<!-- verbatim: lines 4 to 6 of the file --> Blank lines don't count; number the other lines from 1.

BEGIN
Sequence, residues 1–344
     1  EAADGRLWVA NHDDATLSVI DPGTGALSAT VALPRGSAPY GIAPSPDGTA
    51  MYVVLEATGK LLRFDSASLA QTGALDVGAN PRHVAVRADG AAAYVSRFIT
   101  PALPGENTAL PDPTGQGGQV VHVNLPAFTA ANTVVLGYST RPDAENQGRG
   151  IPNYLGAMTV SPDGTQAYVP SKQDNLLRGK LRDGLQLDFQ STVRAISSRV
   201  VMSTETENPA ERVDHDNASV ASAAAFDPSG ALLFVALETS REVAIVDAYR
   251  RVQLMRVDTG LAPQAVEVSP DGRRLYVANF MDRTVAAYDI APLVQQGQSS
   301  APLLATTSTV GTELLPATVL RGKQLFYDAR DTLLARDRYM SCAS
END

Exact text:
   101  PALPGENTAL PDPTGQGGQV VHVNLPAFTA ANTVVLGYST RPDAENQGRG
   151  IPNYLGAMTV SPDGTQAYVP SKQDNLLRGK LRDGLQLDFQ STVRAISSRV
   201  VMSTETENPA ERVDHDNASV ASAAAFDPSG ALLFVALETS REVAIVDAYR